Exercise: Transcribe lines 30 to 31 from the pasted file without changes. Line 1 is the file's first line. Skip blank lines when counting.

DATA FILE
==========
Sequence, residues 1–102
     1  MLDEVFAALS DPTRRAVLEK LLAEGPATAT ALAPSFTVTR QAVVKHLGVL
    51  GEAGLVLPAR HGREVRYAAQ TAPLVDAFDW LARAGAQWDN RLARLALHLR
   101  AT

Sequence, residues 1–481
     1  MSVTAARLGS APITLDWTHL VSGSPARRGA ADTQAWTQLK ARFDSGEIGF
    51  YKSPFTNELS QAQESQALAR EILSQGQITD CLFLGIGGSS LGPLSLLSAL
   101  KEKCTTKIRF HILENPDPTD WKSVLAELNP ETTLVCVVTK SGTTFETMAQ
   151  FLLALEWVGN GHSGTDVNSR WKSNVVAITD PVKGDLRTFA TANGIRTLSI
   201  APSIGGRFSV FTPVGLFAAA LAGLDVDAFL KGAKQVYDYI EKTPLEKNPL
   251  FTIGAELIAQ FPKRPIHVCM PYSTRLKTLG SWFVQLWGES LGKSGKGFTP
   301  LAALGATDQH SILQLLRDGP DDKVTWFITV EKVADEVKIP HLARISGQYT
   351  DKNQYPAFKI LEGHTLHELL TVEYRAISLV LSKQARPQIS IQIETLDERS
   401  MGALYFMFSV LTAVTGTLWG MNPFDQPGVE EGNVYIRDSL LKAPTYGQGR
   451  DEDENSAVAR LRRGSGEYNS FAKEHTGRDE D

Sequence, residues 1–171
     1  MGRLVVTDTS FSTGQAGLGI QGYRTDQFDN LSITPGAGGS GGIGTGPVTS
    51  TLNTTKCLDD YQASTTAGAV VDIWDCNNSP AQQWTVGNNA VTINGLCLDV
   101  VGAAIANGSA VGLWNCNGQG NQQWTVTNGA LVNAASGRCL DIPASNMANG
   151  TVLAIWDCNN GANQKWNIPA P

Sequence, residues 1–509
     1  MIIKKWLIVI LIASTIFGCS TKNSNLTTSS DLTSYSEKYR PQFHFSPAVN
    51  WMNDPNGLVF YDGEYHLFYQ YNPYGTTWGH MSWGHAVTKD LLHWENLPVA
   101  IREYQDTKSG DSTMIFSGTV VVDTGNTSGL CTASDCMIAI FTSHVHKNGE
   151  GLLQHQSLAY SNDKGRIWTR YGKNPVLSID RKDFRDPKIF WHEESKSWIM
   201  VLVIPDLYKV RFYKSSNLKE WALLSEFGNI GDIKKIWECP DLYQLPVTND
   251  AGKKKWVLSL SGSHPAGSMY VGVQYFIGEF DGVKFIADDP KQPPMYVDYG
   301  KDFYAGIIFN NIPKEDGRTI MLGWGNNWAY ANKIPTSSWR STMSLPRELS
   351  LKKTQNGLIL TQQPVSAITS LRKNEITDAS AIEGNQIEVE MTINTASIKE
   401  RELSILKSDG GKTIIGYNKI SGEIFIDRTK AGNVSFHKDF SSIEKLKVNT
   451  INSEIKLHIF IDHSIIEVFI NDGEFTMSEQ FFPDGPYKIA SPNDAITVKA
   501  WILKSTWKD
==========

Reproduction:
   401  RELSILKSDG GKTIIGYNKI SGEIFIDRTK AGNVSFHKDF SSIEKLKVNT
   451  INSEIKLHIF IDHSIIEVFI NDGEFTMSEQ FFPDGPYKIA SPNDAITVKA